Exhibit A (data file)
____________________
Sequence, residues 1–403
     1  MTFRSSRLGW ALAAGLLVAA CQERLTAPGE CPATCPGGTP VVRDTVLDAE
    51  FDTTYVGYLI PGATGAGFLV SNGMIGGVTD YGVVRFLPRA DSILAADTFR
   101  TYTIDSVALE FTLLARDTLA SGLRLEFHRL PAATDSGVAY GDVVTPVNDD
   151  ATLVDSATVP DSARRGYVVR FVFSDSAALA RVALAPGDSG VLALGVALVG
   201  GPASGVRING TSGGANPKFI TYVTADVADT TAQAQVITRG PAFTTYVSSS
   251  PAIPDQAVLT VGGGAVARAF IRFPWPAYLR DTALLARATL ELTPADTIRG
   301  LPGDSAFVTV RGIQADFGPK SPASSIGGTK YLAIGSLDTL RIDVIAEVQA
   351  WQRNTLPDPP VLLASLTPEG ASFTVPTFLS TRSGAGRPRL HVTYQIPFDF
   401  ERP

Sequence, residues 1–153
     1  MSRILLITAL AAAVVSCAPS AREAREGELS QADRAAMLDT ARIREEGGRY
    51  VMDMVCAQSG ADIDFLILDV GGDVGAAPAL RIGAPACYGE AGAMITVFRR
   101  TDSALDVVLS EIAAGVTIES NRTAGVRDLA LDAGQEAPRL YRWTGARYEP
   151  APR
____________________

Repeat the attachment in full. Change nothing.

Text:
Sequence, residues 1–403
     1  MTFRSSRLGW ALAAGLLVAA CQERLTAPGE CPATCPGGTP VVRDTVLDAE
    51  FDTTYVGYLI PGATGAGFLV SNGMIGGVTD YGVVRFLPRA DSILAADTFR
   101  TYTIDSVALE FTLLARDTLA SGLRLEFHRL PAATDSGVAY GDVVTPVNDD
   151  ATLVDSATVP DSARRGYVVR FVFSDSAALA RVALAPGDSG VLALGVALVG
   201  GPASGVRING TSGGANPKFI TYVTADVADT TAQAQVITRG PAFTTYVSSS
   251  PAIPDQAVLT VGGGAVARAF IRFPWPAYLR DTALLARATL ELTPADTIRG
   301  LPGDSAFVTV RGIQADFGPK SPASSIGGTK YLAIGSLDTL RIDVIAEVQA
   351  WQRNTLPDPP VLLASLTPEG ASFTVPTFLS TRSGAGRPRL HVTYQIPFDF
   401  ERP

Sequence, residues 1–153
     1  MSRILLITAL AAAVVSCAPS AREAREGELS QADRAAMLDT ARIREEGGRY
    51  VMDMVCAQSG ADIDFLILDV GGDVGAAPAL RIGAPACYGE AGAMITVFRR
   101  TDSALDVVLS EIAAGVTIES NRTAGVRDLA LDAGQEAPRL YRWTGARYEP
   151  APR